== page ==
2021-06-20 18:37:52 (UTC)

Family Visit in June

Personal entry follows.

Earlier this afternoon, I returned from a trip to visit my relatives. I wanted to reflect on this just a little bit. I had another entry in the draft stage and I assume I'll come back to it. The topic was on the younger generations and what I see as the major obstacles they will face in the decades ahead - and how it's really not their fault that they're hosed. After seeing my nephews and my two-year-old niece this weekend, I still firmly believe they'll be facing a difficult life ahead.

But it was interesting to note that while we're all vaccinated and mask-less at home, everyone still seemed drained and exhausted. At least the adults.

My brother and his wife seemed totally beat most of the time. If it wasn't the sheer amount of fixer-upper work and the barriers related to repairing their home, it was taking care of three young children. I'm not passing judgment on them and easily quipping, "Well, if they didn't want it so tough, they shouldn't have had so many kids." Besides, talking like that simply ignores the reality that the children are here, and the married couple is essentially compelled to care for them.

My brother and I spent the majority of Saturday either cutting down trees, or hauling the limbs into a pile. He had plans to rent a massive wood chipper, haul it to the house, and then we would grind everything into mulch for their property. Unfortunately, when we showed up to pick up the equipment, only then did he learn an electric brake controller would be required to haul the machine even with a truck as massive as his. We returned to the house, brought out his smaller chipper from the garage-shed (yeah, you know, he just has one of those sitting around), and we managed as much as we could before lunchtime, bathed in sweat from the mid-day sun.

The chipper was clearly not up to the task, so we resolved to simply cut down any other offending trees, then haul all the branches to an area close to where a larger chipper (likely one similar in size to the one my brother attempted to rent) will be hauled in to do the job some weekend in the near future. We continued this prep work until it began to steadily rain, and our sweat was mixed with the storm water. We hauled the rest of the equipment, including the pip-squeak of a wood-chipper, back into the shed. We trudged back to the house physically exhausted, soaked to the bone, and completely subdued by the major setback.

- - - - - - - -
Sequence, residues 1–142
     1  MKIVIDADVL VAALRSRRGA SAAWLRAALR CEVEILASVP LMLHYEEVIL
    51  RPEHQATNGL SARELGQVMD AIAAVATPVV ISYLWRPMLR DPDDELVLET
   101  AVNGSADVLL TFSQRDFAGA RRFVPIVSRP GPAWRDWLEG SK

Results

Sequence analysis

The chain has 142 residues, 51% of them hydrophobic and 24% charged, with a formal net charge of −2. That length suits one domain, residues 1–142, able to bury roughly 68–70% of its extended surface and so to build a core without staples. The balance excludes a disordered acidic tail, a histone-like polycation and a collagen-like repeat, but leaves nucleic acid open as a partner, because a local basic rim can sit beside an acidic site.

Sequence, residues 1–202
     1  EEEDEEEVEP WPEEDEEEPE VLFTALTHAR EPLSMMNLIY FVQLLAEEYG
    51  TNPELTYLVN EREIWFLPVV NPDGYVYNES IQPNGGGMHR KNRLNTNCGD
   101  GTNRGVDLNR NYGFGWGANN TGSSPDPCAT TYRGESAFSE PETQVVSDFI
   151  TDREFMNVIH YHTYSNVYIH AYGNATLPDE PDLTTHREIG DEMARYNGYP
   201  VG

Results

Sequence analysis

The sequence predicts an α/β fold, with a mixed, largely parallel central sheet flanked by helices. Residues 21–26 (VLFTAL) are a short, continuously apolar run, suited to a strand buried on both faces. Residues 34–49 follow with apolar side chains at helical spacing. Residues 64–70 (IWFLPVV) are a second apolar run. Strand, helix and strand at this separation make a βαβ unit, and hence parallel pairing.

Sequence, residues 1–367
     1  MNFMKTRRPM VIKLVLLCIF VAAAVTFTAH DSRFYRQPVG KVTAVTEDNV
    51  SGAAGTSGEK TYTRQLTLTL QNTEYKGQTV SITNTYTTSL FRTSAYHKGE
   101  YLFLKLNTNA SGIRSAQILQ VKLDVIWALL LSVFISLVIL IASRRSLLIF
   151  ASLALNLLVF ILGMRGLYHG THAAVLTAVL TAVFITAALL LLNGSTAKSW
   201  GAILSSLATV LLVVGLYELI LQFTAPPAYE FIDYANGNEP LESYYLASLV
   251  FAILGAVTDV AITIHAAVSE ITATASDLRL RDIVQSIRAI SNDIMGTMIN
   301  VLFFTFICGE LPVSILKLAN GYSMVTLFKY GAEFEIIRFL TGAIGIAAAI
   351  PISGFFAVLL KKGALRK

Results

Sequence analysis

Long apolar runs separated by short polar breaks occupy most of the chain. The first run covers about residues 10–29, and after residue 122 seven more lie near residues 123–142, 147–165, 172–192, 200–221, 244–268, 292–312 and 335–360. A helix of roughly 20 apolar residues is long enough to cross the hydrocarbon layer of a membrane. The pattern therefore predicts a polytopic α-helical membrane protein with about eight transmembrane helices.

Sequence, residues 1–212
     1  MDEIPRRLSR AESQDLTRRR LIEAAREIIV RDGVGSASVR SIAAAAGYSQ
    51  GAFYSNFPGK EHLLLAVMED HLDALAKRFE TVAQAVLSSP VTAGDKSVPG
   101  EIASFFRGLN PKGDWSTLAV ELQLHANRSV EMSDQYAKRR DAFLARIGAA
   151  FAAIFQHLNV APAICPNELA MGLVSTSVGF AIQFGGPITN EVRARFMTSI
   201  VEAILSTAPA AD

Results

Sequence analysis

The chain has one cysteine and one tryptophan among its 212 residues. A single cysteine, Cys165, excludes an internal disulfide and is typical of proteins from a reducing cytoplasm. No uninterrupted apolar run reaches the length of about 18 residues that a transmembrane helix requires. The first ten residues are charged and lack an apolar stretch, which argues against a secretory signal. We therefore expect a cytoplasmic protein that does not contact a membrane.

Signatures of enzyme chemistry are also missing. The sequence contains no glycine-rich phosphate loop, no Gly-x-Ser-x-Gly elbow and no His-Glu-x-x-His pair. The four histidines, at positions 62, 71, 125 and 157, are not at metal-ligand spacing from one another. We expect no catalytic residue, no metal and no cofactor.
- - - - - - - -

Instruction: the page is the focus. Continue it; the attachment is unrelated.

The only time my brother seemed to not be completely enervated by the proceedings were in the late, late evenings when he and I convened to play a few rounds of a racing video game I introduced him to a few months ago, and when he and his wife introduced me to their beehives and budding apiary. The kids were nowhere around. It was just the two of them working together, showcasing one of their novel business plans with me, in a field that was completely alien to me except for listening to a few bee-keeping podcasts. Then it was back to the house, where the weight of fatherhood returned.

On the other side of the house, my mother seems to be drained, although for a completely different reason - though still child-related. She is taking the estrangement of my sister - the eldest of her three children - very hard. I refused to discuss the situation with my mother until she and I could have a quiet moment alone Sunday morning. She then described to me her disappointment and dismay with my sister's behaviour. To sum things up quickly: my mother learned in a rare phone call from my sister - the first time they had spoken together since January - that my sister is reconciling with her second ex-husband. This, after my sister spared no foul language in describing her second ex-husband to my mother, and the various ways he did her - and her kids from her first marriage - wrong. There's a little drama related to my mother contacting my sister's first ex-husband regarding the safety of her grandchildren: the first ex-husband's kids. In general, it's a domestic mess that's pretty much riven the relationship my sister has with the rest of our branch of the family.

Were I to describe my sister and the role she's played in my mother's life, it would be what Scott Adams describes as "A Burden." Adams (author of the "Dilbert" comic strip) describes in his book, "How To Fail At Almost Everything And Still Win Big," That there are Selfish People, Stupid People, and Burdens. My brother is Selfish, my mother and I are Stupid (bordering on Selfish), and my sister is most certainly a Burden. My brother and I reflected on this during the ill-fated ride to rent the industrial wood chipper, and we're both confused as to how she could turn into such White Trash, and not the good kind. She's a grown-ass woman who, in her view, has entered predicaments and relationships for the past two and a half decades or so and has somehow escaped responsibility for all of their negative effects and consequences. Inevitably, it's always someone else's fault.

I departed my brother and mother's house somewhat unfulfilled and unaccomplished. The big job my brother and I had planned to do was nowhere near finished as I left. My mother is entering her sunset years with a daughter who has declared, "You're dead to me now." There were moments of family togetherness that were pleasant and entertaining. Still, all proceedings seemed to be overshadowed by a pall of exhaustion and bleakness. Maybe it's just me, but with the exception of their oblivious young children and maybe my stepdad, it seems like a rough season for them all.